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No Anti-Immigrant Victory for Trump—So Far
Posted on May 4, 2017
President Donald Trump is not only a blowhard, he’s full of hot air. He proved that again this week when, after incessant boasting about “winning,” he lost big in Congress, where Republicans and Democrats—for the time being—rejected his budget cuts, including those directed at immigrants.
Congressional leaders announced Monday they had agreed on an interim budget plan that will keep the government running until Sept. 30. A final vote is expected before then.
Gone were Trump’s most highly touted proposals. The agreement preserves funding for Planned Parenthood, scientific research and the arts, all subjects of attacks by Trump and the Republican right. There also are no drastic cuts for the Environmental Protection Agency in the compromise.
Gone, too, is the heart of Trump’s anti-immigrant plan, including funding for the border wall and the elimination of federal funds for so-called sanctuary jurisdictions. These are cities, counties and states that won’t work as an extension of federal immigration enforcement. Also eliminated is money for a deportation force of more Immigration and Customs Enforcement cops to roam through the country searching for undocumented immigrants.
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It’s something I am conscious of every day, living in Southern California with its large and growing population of immigrants from Mexico, Central America, the Middle East and Asia. Walking along the streets, shopping, taking the commuter train, interviewing people for stories, seeing friends, going to Dodgers games or visiting university and college campuses, I see how immigration is continuing to change the United States for the better. Immigrants’ energy and talent, as well as the resistance they encounter, add up to a powerful story, one of the most significant I’ve ever covered.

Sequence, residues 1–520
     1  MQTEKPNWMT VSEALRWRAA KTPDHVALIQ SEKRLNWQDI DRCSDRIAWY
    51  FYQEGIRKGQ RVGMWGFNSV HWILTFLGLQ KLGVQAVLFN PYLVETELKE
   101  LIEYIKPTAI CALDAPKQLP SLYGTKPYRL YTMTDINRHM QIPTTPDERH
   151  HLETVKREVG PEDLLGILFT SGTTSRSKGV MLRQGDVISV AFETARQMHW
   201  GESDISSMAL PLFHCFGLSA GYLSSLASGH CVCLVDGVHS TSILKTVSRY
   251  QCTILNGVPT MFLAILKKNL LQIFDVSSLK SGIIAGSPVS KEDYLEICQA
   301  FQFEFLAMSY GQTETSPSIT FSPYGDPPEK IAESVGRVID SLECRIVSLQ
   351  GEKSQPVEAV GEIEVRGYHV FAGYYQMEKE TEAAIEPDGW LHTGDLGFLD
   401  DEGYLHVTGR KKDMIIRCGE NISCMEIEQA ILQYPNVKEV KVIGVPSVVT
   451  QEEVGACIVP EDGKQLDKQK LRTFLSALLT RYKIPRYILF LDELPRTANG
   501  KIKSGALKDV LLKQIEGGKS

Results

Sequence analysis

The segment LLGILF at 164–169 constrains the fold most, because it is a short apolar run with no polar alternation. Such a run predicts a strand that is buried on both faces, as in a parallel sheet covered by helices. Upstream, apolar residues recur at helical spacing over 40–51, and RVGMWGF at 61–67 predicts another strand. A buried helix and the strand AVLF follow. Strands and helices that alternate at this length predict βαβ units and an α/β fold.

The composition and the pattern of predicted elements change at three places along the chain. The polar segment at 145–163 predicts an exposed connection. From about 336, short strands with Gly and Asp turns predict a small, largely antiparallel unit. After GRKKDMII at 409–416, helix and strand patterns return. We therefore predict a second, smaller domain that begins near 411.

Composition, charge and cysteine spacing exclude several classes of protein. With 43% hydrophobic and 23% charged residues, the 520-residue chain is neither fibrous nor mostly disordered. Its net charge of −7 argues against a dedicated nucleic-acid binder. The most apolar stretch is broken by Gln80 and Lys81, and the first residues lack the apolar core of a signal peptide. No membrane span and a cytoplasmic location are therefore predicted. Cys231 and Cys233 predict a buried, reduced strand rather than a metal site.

Trump announced his policy in an executive order Jan. 25. It would have greatly increased the number of immigration enforcement officers and enhanced their power. It would have banned federal funding for sanctuary jurisdictions: “In furtherance of this policy, the attorney general and the [Homeland Security] secretary, in their discretion and to the extent consistent with law, shall ensure that … [sanctuary jurisdictions] are not eligible to receive federal grants, except as deemed necessary for law enforcement purposes.”
The term “sanctuary city” is vague. Kaiser Health News, in an article on the Trump order, said, “[T]he term ‘sanctuary cities’ describes locales—cities, but also states, counties and other community entities” that decline to do the work of federal immigration authorities. Such jurisdictions often forbid local police from inquiring about the immigration status of victims, suspects or witnesses. In some cases, local government officials are forbidden to ask the immigration status of those seeking medical help. “But there is no hard-and-fast definition of ‘sanctuary cities’ or federal delineation of which jurisdictions would be targeted …” the Kaiser article said.